And of course we may see tweaks to corporation tax, with the generous reliefs that Rishi Sunak put in place to compensate, at least marginally, for the increase from 19pc to 25pc, limited again.

It does not stop there. While we are still waiting for the final version of the party’s manifesto, it is certain to include a huge extension of employment rights. Full legal protection is likely to be offered to workers from the first moment they start, zero hours contracts will be limited even if they escape an outright ban, and versions of trendy “wellness” fads such a “right to switch off” could be enshrined in law, empowering woke human resources overlords to increase their power even further.

The UK’s flexible labour market, one of our key advantages over our rivals since the 1980s, will finally be brought to an end.

Meanwhile, the pension funds that might have started investing in British equities again could be corralled into “green infrastructure” instead, regardless of whether it can make any profit, draining cash out of the stock market.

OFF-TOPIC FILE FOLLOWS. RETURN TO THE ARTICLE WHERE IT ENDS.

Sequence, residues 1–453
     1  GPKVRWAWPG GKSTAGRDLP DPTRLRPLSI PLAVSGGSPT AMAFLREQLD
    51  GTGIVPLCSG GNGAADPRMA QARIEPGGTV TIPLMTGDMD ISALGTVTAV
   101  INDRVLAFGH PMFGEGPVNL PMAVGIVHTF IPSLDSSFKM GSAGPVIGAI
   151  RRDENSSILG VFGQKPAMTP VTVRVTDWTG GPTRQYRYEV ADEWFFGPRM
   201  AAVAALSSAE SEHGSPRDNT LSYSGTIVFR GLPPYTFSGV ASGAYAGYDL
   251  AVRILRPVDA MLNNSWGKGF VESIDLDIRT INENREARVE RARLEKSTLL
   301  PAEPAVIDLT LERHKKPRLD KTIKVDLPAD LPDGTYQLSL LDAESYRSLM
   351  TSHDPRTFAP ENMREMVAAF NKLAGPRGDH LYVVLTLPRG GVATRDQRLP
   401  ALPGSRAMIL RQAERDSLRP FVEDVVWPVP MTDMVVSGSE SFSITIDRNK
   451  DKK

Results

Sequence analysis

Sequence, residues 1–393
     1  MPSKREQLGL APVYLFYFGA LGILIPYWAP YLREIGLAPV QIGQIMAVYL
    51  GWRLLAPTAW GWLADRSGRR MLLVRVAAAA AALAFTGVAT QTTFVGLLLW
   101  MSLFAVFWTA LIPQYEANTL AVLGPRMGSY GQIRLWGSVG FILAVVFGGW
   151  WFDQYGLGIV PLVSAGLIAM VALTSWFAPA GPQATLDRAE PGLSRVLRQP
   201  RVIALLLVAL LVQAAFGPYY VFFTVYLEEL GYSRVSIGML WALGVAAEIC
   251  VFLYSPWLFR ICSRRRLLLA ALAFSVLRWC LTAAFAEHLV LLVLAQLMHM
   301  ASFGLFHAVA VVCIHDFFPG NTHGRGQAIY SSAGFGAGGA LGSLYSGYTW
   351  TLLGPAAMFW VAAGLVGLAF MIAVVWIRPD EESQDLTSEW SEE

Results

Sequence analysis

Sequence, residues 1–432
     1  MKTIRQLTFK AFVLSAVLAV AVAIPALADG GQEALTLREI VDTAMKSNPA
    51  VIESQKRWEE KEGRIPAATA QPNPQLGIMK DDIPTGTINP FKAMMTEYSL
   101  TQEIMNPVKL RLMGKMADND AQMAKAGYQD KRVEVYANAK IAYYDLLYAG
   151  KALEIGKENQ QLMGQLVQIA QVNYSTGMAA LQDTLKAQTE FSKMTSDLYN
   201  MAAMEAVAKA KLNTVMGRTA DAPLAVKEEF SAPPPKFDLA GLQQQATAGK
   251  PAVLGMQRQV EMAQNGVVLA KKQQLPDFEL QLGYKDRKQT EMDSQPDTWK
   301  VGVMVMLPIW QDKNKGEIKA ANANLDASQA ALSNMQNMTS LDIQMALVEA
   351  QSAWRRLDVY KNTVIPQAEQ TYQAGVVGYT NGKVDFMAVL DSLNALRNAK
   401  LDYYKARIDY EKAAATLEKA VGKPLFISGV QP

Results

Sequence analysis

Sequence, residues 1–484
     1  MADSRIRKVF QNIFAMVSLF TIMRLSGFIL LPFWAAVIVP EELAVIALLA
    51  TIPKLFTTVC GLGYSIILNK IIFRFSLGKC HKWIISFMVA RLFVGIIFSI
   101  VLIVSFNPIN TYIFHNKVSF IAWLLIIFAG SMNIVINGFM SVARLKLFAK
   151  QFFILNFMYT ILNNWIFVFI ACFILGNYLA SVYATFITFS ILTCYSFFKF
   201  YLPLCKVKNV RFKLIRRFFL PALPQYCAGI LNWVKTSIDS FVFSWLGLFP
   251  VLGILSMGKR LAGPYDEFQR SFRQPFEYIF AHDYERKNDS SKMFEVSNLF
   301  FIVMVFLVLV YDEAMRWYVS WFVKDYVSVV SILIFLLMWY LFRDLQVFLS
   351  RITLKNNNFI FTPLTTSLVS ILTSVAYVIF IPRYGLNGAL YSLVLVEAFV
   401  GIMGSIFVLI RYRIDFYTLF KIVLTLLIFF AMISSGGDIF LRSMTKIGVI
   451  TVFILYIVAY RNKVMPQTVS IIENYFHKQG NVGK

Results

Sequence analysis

Add it all up, and one point is clear: the UK will be a far harder place to make money over the next five years. Labour talks about “growth” as if nobody ever thought of it before, but every single concrete policy it proposes is likely to slow the economy down even more.

The blunt truth is this: the UK faces five years of stagnation, trapped in a doom-loop of zero growth, rising taxes, and creaking public services. The returns will be dismal.

The actual election won’t be for another four weeks. But investors have already voted with their wallets, and delivered a damning verdict. They are getting out of Labour’s landslide Britain – and it is very hard to blame them.

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